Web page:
We nonetheless consider this an opportunity for Foldit players to do constructive science and make significant, positive contributions to aflatoxin research. However, I understand your misgivings, and recognize that any Foldit player may abstain from Aflatoxin Challenge puzzles if he or she so chooses.
As I read the T&C, the U of W has always been free to exploit our results commercially as it sees fit. Having the results at least start life as public domain seems like a step forward.
Developing any results into something actually useful would likely require substantial further R&D. Maybe a foundation or government would fund something like that, maybe not. "Public domain" means that any non-profit or for-profit entity could develop derivative works. I'm not sure that the sponsors would be the most likely candidates for that R&D role, but I don't see a good reason to bar them from pursuing it while allowing the big agrichemical companies to jump in.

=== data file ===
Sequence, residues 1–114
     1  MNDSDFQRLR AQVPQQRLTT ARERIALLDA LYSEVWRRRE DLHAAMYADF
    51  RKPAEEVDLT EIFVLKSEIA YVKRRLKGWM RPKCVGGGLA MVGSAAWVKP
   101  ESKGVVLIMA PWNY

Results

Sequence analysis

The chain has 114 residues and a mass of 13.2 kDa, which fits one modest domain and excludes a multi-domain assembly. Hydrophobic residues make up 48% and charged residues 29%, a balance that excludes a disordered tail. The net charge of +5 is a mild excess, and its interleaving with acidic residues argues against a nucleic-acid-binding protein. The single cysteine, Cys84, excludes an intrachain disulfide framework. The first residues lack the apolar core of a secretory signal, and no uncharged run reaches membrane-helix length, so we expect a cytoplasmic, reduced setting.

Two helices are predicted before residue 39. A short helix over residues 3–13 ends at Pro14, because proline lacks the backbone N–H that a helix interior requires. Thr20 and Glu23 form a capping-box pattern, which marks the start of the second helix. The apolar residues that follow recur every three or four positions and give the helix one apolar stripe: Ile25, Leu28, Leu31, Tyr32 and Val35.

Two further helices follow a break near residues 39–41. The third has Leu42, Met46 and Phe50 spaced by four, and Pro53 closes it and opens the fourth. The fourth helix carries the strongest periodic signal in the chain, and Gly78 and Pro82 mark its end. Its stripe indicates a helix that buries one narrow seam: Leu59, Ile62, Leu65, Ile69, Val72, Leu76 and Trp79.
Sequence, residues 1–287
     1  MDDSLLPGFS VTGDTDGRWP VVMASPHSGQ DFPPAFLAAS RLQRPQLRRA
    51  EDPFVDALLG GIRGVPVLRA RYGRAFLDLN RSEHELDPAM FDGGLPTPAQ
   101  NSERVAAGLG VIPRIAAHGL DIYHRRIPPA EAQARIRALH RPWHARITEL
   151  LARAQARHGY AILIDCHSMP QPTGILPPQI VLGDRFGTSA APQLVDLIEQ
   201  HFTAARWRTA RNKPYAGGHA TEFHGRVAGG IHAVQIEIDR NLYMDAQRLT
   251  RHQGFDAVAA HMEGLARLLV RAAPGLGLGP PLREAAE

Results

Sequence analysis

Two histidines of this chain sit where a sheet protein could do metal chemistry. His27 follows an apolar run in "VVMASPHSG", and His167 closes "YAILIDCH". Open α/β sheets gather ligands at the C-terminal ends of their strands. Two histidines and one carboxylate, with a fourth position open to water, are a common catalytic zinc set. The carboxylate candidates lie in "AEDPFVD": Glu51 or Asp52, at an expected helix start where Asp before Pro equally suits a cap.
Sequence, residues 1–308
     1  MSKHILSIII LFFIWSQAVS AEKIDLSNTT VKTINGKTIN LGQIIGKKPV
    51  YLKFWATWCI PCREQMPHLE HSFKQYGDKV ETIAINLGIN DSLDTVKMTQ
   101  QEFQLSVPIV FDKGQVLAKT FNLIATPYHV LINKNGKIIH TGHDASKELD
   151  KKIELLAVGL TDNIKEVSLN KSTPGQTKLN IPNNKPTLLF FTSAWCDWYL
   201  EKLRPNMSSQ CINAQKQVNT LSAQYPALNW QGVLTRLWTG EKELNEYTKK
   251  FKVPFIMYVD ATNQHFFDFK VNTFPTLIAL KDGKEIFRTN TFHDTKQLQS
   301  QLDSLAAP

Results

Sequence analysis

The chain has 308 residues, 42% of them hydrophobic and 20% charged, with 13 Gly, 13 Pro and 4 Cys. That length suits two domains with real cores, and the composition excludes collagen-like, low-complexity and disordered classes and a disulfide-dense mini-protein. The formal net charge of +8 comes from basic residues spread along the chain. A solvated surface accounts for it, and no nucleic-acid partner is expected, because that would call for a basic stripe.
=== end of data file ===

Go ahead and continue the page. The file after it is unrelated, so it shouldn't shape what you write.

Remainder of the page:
Personally, I willing to hazard a certain amount of time and effort without any more details. A detailed licensing statement would be nice, but it would require lawyers to interpret properly, and of course other lawyers could then dispute those interpretations. I would prefer to look on the new puzzles as a gift and play the game.
Public Domain research, funded by government grants and published in research journals, is used by private companies doing corporate research on commercial for-profit products. There is no way to stop this unless the research is kept private and a commercial secret. Even then, if a new product using this new idea is sold publicly, the product and be reverse engineered by a competing company so they can make one like it. Patents can help protect a novel product, but in the case of very big commercial hits they can be invalidated on narrow technical legal grounds. Universities with a big commercial success idea will certainly make money. Graduate students (and on-line ones like ourselves) may get some recognition, but rarely financial rewards. Consider it a gift towards the public good.